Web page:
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Short bursts of exercise 'boosts health' in older people

Pensioners can dramatically boost their health by doing just one minute of intense exercise twice a week, according to a new study.

Scientists at Abertay University in Dundee found that in just six weeks the physical fitness of older people improved significantly and blood pressure was lowered.

Participants in the study were put through an exercise regime involving two sessions of high-intensity training a week, with six-second sprints on an exercise bike.

It is the first time that the effect of high-intensity training (HIT) on the health of pensioners has been tested, the researchers said.

They believe the regime could provide an alternative to the current exercise guidelines for older people, which many find difficult to meet.

Abertay University

John Babraj

The results are published in the Journal of the American Geriatrics Society.

Study author Dr John Babraj said: “What we found with this study – which involves doing just one minute of exercise twice a week – is that it not only improved the participants’ physical health and ability to do these things, but also their perceptions of their own ability to engage in physical activity.

“They enjoyed it, were delighted with the effects it had on their health and, on top of that, felt they could fit it into their lives, which is something they aren’t able to do with current exercise recommendations,” he said.

“As long as you are putting in your maximal effort it will improve your health”

Dr John Babraj

“If people aren’t meeting the targets, we need to find ways to work with them when it comes to exercise, rather than just persisting with something that isn’t working.

“High-intensity training is an achievable alternative that could make a real difference to people’s health and their quality of life,” he said.

“As long as you are putting in your maximal effort – whatever speed that happens to be – it will improve your health,” he added.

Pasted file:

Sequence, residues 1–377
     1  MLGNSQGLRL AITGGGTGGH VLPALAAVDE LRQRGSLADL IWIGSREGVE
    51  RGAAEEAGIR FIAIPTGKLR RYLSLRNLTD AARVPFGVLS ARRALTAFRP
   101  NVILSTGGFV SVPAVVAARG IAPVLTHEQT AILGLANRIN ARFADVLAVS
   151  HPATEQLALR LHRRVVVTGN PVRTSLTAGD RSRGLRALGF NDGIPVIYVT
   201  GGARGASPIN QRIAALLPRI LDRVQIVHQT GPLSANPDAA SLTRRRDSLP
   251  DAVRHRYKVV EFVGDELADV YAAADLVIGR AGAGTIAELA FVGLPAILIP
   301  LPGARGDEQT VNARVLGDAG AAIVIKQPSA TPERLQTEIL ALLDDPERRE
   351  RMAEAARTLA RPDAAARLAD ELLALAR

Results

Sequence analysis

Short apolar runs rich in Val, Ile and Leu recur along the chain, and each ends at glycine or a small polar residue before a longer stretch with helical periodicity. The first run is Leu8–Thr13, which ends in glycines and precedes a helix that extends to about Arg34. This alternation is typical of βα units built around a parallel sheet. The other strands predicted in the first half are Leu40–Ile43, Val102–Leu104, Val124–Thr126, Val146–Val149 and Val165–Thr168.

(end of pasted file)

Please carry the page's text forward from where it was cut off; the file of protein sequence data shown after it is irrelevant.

Dr Babraj urged people to consult their doctor before starting high-intensity training in case there are any underlying health issues.

Readers' comments (2)

  • "Pensioners can dramatically boost their health by doing just one minute of intense exercise twice a week, according to a new study."

    What has drawing a pension got to do with this study?

    Unsuitable or offensive?

  • michael stone

    This is good news - as I get older, I'm beginning to suspect that a short burst of activity (something like dragging my ancient body into a vertical position, for example) will be all that I can manage, anyhow.

    But it seems the message is really 'try to take some exercise'. It is a bit like the dietary one - if you weigh far too much, try to eat less.

    Although one of the problems, is that everyone is in a rush these days, trying to fit a lot in: that leads to thinks like driving to somewhere which is a 10 minute walk away, when years ago people would have walked. So now instead of walking, people drive - then, they (well, some do) 'deliberately exercise'. That isn't the whole of the story (there do seem to be emerging themes that very intense activity, is 'really good') but it does seem to be some of it.

    I can remember, when to change TV channels, you had to actually get up and walk to the TV, and push a button (blame these evil remote controls !).

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